BEIRUT: Leading opposition groups are showing little enthusiasm about attending a proposed Geneva II conference, whether they are based inside or outside Syria. The sponsors of the conference, the U.S. and Russia, saw their top diplomats Monday “recommit” themselves to efforts to move forward with the talks.
U.S. Secretary of State John Kerry and his Russian counterpart Sergey Lavrov met on the sidelines of a summit in Indonesia to discuss ways to “lay the groundwork for a round of talks.”
Kerry said they would meet the U.N.-Arab envoy for Syria, Lakhdar Brahimi, to iron out a date for the summit.
But the head of the National Coalition, Ahmad Jarba, and the Turkey-based leadership of the rebel Free Syrian Army, have dismissed the idea of going to Geneva without “guarantees” that President Bashar Assad will leave power. The announcement was made Sunday after several days of talks between Jarba and rebel commanders.
During a news conference in Istanbul Monday, Jarba reiterated this stance, while adding a new condition, one day after U.N. Brahimi expressed his view that both Saudi Arabia and Iran should attend Geneva II.
“Iran is an occupying country,” Jarba said, and had no business attending a peace conference because its “mercenaries,” led by Lebanon’s Hezbollah, were involved in the fighting in Syria.
Jarba said Iran could attend alongside the Syrian regime, because both were involved in “killing our people.”
Hours after Jarba’s news conference, a State Department spokeswoman Marie Harf said her country might view Iran’s participation favorably, if it accepts the Geneva I document, which explicitly called for a transitional government.
“If, and this is an if, Iran were to endorse and embrace the Geneva communique publicly, we would view the possibility of their participation more [favorably],” Harf said.
Also Sunday, 100 pro-rebel civil and military groups based in Syria demanded “no negotiations” with the regime.
A video recording of a spokesman reading out the statement was posted to YouTube. In the three-minute statement, Hama-based activist Saleh Hamawi, a member of the National Coalition, makes an explicit call for no talks with the regime.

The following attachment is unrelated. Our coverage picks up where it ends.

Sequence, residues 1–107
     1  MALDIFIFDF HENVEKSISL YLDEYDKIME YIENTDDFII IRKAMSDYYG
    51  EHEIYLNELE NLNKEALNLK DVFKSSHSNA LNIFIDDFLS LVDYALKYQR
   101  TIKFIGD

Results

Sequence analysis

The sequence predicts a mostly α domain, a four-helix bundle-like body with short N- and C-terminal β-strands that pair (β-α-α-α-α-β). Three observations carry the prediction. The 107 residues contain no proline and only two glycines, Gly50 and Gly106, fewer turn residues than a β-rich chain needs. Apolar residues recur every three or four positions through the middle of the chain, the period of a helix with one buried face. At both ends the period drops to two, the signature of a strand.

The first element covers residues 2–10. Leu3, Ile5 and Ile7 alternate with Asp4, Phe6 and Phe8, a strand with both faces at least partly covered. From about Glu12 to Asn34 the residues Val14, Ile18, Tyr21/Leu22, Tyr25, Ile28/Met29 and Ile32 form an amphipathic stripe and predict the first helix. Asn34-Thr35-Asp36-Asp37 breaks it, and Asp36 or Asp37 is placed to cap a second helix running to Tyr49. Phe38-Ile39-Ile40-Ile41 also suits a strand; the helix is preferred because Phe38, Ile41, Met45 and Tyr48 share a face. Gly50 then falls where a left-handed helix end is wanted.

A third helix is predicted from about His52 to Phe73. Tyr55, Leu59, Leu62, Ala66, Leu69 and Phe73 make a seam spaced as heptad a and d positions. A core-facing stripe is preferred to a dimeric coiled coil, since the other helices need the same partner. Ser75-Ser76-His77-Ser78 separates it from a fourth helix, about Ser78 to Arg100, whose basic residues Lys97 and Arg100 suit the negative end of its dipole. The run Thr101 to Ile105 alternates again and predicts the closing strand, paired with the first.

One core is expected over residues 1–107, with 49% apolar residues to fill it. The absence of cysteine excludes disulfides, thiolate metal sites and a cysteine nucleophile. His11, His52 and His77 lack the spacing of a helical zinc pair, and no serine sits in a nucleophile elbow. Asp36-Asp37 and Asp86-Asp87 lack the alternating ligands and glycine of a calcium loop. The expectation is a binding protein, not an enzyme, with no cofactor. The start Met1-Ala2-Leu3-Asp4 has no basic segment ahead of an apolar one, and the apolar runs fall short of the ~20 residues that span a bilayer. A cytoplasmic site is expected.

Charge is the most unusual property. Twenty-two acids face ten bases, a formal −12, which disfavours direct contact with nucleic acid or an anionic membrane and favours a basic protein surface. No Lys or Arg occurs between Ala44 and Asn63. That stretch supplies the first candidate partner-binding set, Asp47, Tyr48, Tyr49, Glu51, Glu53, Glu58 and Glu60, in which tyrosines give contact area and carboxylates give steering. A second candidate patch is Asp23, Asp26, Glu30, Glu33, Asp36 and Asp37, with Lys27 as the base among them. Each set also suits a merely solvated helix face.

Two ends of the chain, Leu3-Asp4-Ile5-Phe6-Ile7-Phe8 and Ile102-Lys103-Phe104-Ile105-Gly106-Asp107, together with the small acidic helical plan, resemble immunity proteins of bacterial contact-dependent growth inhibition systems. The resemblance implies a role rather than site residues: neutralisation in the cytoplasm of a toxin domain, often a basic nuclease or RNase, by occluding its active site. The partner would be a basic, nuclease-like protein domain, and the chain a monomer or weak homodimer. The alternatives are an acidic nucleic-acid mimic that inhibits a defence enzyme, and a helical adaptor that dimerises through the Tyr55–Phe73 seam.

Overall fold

The names of 100 groups backing the statement – 50 each from the civil and military wings of Syria’s uprisings – appear at the end of the video.
The Syrian Revolution General Commission, one of the largest networks of civilian activists, is the first signatory, and is joined by dozens of smaller organizations, from most parts of the country. The 50 military groups also represent rebel battalions and brigades from throughout Syria.
The “Statement of 100,” as it is titled, features mainly nationalist rhetoric, with little reference to Islamist politics or Syria’s future political order.
Hamawi addresses the National Coalition, demanding that it forget about making deals with the regime.
The statement enumerates a number of central demands: toppling the regime and all of its leading figures; holding war criminals accountable; dissolving state security bodies and replacing them with institutions “that implement the law,” while building a national army; maintaining the territorial unity of Syria; ensuring independent political decision-making that isn’t beholden to foreign agendas; rejecting negotiations with the regime because “there can be no negotiations with terrorists”; and rejecting any political commitment that violates Shariah.
The spokesman closes the statement with the secular slogan “Long Live a Free and Dignified Syria,” which was more prevalent during the first two years of the uprising, before Islamist groups became increasingly dominant.
An opposition activist based outside Syria told The Daily Star that the Statement of 100 was issued by groups who have been backed by Qatar. Among the most prominent military formations are the Asala wa Tanmiya rebel network, and the Yarmouk Brigade in the southern province of Deraa, both seen as enjoying good ties with Qatar.
In contrast, Jarba is supported by Saudi Arabia, which this summer took over from Qatar the leading role in backing Syria’s political opposition.
“[Opposition] groups now are engaged in a process of trying to outdo each other” in terms of their opposition to Geneva II, the activist said.
“Whether they represent the people is another question,” the activist added. “Many people just want a solution.”
The opposition groups are also setting down conditions that might be difficult to ensure in any kind of negotiated scenario.
Also Monday, the Syria-based National Coordination Body opposition group, which rejects the armed uprising, said it would attend Geneva without conditions.
National Coalition president Ahmad Jarba:
One hundred civil and military groups reject negotiations: